March 15, 2018, The New York Times, Gleen Thrush- In his State of the Union speech two months ago, President Trump vowed to end welfare as he defined it, heralding a plan to force recipients off federal housing vouchers, food assistance and Medicaid if they were not willing to do “a hard day’s work.“Days before the speech, as part of the plan, several federal departments took steps to impose the stricter work requirements on able-bodied adults receiving noncash aid. The move could result in the loss of subsistence benefits for as many as four million poor, single adults over the next few years, experts say. But Mr. Trump’s effort faces an uncertain future. The centerpiece of the plan, a sweeping executive order mandating that federal agencies review safety net programs with an eye toward cutting their rolls, has been delayed indefinitely, according to three senior administration officials.
March 13, 2018, The Clarion Ledger, Anna Wolfe- The people of Rankin County, a suburb of Jackson and a political force in Mississippi, had the best health outcomes in 2018. Hinds County, which encompasses the state Capitol, ranked 39th, better than just over half of the state’s 82 counties. Holmes County, one of the poorest areas of the state located along the border of the Mississippi Delta, came in last. The ninth annual County Health Rankings & Roadmaps report, a collaboration between the Robert Wood Johnson Foundation and the University of Wisconsin Population Health Institute, reinforces data showing health disparities still exist between white communities and communities of color.
March 12, 2018, The Washington Post, Paige Winfield Cunningham- The health insurance program for low-income individuals covers a whopping four in 10 non-elderly adults with opioid addiction, according to the Kaiser Family Foundation. That’s why experts and dozens of activist groups agree that expanding counseling, medication-assisted treatment and other crucial addiction interventions for Medicaid patients would go a long way toward countering the country’s sweeping struggle with opioid overdoses. “We hope as Republicans are thinking through their next steps on the opioid epidemic, they’re thinking about how Medicaid can reach these individuals,” Rebecca Farley, vice president of policy for the National Council for Behavioral Health, told me on Friday.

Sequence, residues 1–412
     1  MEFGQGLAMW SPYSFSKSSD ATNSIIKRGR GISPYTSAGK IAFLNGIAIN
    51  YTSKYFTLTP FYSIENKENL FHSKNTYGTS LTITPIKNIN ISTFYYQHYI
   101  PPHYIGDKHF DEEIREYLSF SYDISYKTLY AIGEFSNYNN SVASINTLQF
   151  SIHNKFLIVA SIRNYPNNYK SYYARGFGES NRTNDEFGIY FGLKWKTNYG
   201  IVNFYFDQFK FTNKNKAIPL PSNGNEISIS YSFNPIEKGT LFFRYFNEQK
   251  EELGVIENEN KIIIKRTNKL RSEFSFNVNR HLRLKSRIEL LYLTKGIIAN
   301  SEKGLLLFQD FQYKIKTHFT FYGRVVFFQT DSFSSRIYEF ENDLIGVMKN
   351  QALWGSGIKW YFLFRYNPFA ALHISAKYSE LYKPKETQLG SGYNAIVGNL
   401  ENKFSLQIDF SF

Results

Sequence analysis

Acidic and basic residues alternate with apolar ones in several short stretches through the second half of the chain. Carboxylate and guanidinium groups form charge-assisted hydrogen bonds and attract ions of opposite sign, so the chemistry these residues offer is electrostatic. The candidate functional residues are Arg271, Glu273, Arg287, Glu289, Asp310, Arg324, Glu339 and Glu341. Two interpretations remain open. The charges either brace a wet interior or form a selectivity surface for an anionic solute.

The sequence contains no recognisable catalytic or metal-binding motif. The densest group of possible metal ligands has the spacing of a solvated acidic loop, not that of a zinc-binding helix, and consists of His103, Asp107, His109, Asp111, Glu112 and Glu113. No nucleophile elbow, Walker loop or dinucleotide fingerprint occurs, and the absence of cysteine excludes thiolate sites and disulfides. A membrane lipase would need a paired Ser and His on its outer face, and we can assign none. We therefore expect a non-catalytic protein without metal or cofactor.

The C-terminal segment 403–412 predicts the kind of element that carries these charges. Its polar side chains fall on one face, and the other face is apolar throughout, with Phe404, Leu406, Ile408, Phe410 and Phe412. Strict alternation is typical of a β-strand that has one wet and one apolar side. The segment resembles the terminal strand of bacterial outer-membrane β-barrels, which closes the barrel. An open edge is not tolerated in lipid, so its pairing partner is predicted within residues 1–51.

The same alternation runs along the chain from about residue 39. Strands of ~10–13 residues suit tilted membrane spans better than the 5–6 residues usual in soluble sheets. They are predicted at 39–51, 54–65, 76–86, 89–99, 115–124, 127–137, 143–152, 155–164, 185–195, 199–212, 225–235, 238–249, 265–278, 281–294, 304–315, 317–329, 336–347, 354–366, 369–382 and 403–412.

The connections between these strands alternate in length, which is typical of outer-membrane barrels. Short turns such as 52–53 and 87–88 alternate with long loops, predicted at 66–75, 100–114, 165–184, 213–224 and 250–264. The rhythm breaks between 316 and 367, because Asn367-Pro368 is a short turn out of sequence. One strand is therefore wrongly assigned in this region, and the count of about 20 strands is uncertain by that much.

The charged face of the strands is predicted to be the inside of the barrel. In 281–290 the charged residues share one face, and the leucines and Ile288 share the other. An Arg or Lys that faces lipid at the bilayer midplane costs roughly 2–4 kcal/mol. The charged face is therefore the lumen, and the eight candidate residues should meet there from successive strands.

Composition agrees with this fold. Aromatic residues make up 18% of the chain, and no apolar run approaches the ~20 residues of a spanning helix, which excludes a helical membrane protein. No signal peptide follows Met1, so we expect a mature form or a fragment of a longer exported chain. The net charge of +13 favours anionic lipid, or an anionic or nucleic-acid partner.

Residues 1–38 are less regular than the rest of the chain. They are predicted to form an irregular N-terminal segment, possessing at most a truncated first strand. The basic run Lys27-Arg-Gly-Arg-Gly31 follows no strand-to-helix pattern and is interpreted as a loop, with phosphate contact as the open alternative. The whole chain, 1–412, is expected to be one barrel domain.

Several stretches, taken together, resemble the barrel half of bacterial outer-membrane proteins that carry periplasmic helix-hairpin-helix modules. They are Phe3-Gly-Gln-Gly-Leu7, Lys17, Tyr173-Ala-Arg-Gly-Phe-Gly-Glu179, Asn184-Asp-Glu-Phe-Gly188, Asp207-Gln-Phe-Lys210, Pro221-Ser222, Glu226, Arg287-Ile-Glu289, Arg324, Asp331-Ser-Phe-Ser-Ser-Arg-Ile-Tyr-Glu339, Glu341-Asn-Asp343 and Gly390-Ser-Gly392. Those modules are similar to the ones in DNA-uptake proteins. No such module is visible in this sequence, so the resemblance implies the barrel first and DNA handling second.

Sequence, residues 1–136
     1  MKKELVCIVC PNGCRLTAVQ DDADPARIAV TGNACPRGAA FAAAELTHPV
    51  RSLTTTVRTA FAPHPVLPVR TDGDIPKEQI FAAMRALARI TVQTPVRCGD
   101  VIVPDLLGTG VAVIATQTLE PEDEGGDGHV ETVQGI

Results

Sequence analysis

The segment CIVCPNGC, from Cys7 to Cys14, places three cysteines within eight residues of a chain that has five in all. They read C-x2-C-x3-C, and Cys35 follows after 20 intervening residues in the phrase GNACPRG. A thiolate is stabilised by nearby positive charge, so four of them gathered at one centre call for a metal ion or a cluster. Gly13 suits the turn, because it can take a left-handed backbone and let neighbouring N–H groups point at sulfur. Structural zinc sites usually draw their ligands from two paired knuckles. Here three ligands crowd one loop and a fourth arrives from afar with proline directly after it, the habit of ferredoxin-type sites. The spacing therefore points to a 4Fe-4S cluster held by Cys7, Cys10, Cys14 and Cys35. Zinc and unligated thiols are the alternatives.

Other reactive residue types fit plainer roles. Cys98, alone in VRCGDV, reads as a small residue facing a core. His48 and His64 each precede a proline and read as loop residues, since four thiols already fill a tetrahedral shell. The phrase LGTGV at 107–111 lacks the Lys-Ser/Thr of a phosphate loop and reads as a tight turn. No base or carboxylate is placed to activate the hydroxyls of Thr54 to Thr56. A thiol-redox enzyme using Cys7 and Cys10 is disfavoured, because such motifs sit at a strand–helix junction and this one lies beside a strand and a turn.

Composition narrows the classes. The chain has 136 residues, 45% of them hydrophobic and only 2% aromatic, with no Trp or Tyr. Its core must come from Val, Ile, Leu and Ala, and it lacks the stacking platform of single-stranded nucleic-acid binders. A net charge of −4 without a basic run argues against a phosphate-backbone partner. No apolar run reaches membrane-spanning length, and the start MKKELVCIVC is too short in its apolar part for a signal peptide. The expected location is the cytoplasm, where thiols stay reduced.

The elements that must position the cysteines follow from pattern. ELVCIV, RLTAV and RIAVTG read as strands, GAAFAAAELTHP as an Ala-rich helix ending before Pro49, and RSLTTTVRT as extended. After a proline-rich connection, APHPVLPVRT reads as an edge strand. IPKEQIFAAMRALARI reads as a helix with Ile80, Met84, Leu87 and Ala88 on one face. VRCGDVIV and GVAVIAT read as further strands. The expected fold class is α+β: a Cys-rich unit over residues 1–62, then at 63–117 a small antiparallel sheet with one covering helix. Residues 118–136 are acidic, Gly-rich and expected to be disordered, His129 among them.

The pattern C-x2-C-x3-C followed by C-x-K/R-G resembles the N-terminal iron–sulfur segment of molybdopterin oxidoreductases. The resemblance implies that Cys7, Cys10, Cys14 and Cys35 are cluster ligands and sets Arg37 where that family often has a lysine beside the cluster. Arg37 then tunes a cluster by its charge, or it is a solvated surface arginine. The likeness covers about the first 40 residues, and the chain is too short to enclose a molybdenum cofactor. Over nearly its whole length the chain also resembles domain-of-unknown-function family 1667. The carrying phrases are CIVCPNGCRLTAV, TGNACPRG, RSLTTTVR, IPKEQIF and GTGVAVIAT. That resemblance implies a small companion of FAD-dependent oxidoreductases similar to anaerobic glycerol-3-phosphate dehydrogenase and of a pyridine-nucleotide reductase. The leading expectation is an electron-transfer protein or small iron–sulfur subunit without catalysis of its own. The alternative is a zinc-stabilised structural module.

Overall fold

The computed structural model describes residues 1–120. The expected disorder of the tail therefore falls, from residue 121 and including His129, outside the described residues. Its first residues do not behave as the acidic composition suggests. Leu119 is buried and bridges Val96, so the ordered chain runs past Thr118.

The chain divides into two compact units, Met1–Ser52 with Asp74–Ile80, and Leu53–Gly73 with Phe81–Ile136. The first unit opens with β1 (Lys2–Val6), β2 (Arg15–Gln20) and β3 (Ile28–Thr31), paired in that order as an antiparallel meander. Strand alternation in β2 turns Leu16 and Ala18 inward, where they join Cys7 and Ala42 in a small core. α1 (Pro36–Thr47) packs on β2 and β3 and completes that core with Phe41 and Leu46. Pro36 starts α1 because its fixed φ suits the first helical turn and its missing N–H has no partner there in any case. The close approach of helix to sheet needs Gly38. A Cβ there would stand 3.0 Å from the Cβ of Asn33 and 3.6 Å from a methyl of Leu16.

March 12, 2018, Kaiser Health News, Shefali Luthra- Brianna Foster, 23, lives minutes away from Genesis Hospital, the main source of health care and the only hospital with maternity services in southeastern Ohio’s rural Muskingum County. Proximity proved potentially lifesaving last fall when Foster, pregnant with her second child, Holden, felt contractions at 31 weeks - about seven weeks too soon. Genesis was equipped to handle the situation - giving Foster medication and an injection to stave off delivery. After his birth four weeks later - still about a month early, at 5 pounds 12 ounces - Holden was sent to the hospital’s special care nursery for monitoring. Mother and son went home after a few days. “He was pretty small - but he’s picking up weight fast,” said Foster of Holden, now almost 4 months old.
March 12, 2018, The Clarion-Ledger, Anna Wolfe- Dr. Charles Ozborn is the small-town Mississippi doctor who still makes house visits. His patients have his cellphone number, free to call on the weekends. It’s a close-knit community. Real close.“In my practice, nobody comes in here without me finding some way to give them a colonoscopy,” Ozborn said. They agree to the procedure more often, he said, because they trust him. This isn’t a random admission: Ozborn estimates he’s reduced cases of colon cancer at his Eupora clinic by 80 percent. Ozborn, winner of Staff Care’s 2018 “Country Doctor of the Year Award,” is not just a country doctor. The 78-year-old’s compassionate, personable practice doesn’t make him old-fashioned.
March 9, 2018, WDAM, Melissa Egan- Smokers could still see an increase in tax on their cigarettes in Mississippi. Senate Bill 3048, introduced by Senator Joey Fillingane, is a bond bill to authorize general obligations bonds for capital improvements in communities, junior colleges and state universities that has moved to the House Ways and Means committee. One part of the bill includes funding from an imposed tax increase on cigarettes.